Travel 25th April 2019 - 4 min read

Travel should not be so Expense-ive

By Joni Lindes

GBTA predicted that, by 2020, worldwide corporate travel spend will reach $1.6 trillion — a whole 25% more than it was in 2015.

Managing spend in Travel is no easy business. In fact, Travel ranks as the second most difficult expense category to manage. Establishing proper control over this category is sure to improve control and governance of expenses, not only in Travel, but across the business as well.

If you have ever taken on the momentous task of managing this category, we are well aware that this article may be preaching to the choir, however, T&E does not necessarily need to be so difficult. There are three major secrets for a successful T&E management strategy: visibility, automation and simplicity.

1. Visibility

You cannot manage what you can’t see. The secret to visibility? Data, data and more data.

At this stage of the game, we all know the importance of data and that it is needed. The question is whether we are using data correctly.

Most of the time we are not. The data is there, but often it is scattered in more than a few different sources and systems. Tools like SAP, Oracle and other resource planning software is fundamentally wired for the simpler purchasing and payables datasets used for other category management, rather than T&E reporting.

In Travel we look to not one, but several data feeds. The TMC contains valuable information, but also leaves out transactions and bookings that happen outside its channel and are placed directly on the credit card or manually entered through the expense system. Moreover, this “hidden spend” or “leakage” is often the area where the management of T&E is most likely to break down. To enable active management, multiple sources and data feeds need to exist in a dynamic environment, so we can get insight from the data as and when we need it. What good is an Excel spreadsheet that only gets updated once a quarter?

The systems we operate with need to be more transparent and be able to integrate with one another. On top of that, we need data analytics that allows answers and guidance to emerge from the data harnessed from these systems.

In travel, we know this is easier said than done. To prep any data for analytics, analysts must pull data from APIs, transform and merge records and load the data into a cloud data warehouse — creating a data pipeline. This involves a lot of initial manual work. Each data feed has to be unified into a single dataset that continuously refreshes as and when the source data changes. There are thousands of duplicate records creating conflicts that need months of code to resolve. Once this is done, we will have the ability to know what is happening in reality. The next step is to act on it — preferably automatically.

2. Automation

Automation is the secret to proactive management, specifically when it comes to developing an intuitive traveller policy, negotiating contracts and ensuring these are honoured in reality.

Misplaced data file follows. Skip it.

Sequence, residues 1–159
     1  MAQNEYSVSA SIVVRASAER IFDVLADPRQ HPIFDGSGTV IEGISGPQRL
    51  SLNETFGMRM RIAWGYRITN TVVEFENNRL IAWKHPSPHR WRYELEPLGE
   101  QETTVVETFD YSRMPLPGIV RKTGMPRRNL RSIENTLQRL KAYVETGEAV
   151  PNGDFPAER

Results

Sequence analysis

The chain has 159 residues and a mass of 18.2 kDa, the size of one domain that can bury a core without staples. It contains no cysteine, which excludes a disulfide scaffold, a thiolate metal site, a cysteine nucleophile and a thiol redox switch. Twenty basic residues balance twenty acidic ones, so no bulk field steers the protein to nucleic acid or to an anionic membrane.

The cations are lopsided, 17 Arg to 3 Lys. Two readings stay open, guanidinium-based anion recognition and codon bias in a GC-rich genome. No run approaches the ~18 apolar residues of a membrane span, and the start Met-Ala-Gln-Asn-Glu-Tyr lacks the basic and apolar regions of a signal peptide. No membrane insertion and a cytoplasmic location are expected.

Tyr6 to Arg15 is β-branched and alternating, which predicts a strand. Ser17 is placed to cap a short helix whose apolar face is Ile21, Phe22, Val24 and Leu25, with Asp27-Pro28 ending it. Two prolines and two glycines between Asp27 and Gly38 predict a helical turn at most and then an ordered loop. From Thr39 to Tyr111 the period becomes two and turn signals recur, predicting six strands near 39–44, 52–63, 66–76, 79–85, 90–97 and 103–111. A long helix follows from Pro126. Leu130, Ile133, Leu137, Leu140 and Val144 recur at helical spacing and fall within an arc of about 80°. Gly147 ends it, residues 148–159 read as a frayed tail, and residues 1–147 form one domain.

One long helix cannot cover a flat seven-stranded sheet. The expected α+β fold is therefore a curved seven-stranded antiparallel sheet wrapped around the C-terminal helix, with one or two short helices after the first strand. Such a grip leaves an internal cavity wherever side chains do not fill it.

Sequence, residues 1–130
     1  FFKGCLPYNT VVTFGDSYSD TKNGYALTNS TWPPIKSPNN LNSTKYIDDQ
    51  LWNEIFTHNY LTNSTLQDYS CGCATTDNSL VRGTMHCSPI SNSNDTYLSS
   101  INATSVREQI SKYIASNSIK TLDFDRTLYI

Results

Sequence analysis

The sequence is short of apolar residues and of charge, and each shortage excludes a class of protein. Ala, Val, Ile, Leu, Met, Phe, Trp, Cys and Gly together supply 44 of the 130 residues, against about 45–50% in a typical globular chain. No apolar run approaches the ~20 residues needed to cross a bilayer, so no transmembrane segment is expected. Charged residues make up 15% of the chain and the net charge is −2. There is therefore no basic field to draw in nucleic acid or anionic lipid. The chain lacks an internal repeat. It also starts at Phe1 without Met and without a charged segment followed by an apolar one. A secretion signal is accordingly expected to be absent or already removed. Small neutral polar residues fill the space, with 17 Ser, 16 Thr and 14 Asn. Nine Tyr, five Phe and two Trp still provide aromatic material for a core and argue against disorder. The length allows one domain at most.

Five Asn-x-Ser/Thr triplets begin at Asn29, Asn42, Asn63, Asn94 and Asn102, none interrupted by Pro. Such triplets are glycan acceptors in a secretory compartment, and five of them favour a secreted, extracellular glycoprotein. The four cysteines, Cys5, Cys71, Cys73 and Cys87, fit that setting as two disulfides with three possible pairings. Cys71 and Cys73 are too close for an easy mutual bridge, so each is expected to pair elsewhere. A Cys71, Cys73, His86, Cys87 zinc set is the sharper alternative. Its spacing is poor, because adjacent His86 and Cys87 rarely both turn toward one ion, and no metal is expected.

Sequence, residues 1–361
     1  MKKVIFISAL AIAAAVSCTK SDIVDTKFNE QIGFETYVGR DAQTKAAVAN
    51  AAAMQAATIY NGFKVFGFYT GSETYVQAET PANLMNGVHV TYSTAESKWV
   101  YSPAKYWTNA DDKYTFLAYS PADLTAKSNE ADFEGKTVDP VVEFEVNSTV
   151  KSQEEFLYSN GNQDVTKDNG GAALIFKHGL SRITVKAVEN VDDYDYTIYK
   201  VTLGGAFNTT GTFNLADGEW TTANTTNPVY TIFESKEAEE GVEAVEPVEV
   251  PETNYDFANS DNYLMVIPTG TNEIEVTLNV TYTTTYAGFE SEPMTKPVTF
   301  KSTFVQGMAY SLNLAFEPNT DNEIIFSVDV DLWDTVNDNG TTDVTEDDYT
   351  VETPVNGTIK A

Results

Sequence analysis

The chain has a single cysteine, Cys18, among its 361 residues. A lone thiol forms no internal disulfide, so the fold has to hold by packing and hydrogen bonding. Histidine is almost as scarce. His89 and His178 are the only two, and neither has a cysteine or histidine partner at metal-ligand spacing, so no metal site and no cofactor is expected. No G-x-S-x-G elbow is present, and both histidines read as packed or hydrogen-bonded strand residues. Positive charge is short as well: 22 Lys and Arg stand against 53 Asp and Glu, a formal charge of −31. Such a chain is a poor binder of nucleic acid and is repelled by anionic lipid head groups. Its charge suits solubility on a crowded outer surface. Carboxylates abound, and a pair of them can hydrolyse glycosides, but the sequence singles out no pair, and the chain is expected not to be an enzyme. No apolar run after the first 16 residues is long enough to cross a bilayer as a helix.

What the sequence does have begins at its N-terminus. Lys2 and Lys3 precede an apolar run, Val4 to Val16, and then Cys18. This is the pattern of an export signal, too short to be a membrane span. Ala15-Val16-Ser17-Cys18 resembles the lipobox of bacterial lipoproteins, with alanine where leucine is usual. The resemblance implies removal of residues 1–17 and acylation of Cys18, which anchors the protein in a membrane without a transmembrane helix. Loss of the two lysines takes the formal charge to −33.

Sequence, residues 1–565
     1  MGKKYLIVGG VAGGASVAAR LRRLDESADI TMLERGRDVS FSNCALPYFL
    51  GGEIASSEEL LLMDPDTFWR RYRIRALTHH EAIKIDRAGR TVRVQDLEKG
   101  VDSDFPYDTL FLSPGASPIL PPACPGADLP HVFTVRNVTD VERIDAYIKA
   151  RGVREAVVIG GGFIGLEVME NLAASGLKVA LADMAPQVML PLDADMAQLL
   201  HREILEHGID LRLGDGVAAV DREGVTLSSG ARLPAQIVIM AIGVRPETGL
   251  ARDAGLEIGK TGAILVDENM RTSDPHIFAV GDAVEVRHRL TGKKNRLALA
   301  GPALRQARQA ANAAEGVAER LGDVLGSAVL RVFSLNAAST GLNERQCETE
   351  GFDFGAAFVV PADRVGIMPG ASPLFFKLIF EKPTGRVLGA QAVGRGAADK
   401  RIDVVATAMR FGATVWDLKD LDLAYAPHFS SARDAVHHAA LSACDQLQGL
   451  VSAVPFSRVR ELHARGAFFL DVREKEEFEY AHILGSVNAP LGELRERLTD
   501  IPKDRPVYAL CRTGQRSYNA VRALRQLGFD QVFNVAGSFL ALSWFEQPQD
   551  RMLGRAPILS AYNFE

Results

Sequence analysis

You will find most human beings are not an encyclopedia of travel policy and contract terms. That is why we need machines to do it for us.

From online booking tools promoting preferred supplier content to automated alerts on compliance, tax or risk issues — automation takes the mundane tasks out of human hands.

Travel managers can now start to throw out old practices like the traditional RFP in favour of a dynamic pricing model as the system automatically keeps an eye out for what is being booked and at what price. It can assess when a set rate cap is about to be reached plus keep an eye out for the lowest logical room rate and suggest it to the traveller through a booking tool, for example. With the right software, the lowest airfares can be sourced, discount structures can be integrated, benchmarks can be used and alerts can inform whether your negotiated rates are measuring up to what is happening in reality.

Tax fines can be avoided if alerts show that travellers are booking travel that conflicts with tax laws for any country. This will allow for proactive action that was previously difficult.

3. Simplicity

When it comes to expenses, classic ERP software does not diminish the manual labour that agents and employees have to perform, like collecting receipts and inputting information. With every human intervention, the risk of inaccuracy grows higher. That is why it is best to keep it simple.

Many mobile expense tools make the process easier for the traveller while also reducing the chance for receipts to be lost. Online booking tools need to have good content suggestions and have an easy user experience — making them a preferred channel for booking. When we make it easy, travellers automatically do what we want — without us intervening.

Of course, there are so many other ways in which spend can further be controlled, but, when we have good reporting, automation and a simple experience for the agent, travel manager and traveller alike, you will find that these additional activities are complemented by a system that works.

The bottom-line? Travel is not that Expense-ive if you have the right tools to manage it.

Joni Lindes
By Joni Lindes
4 min read

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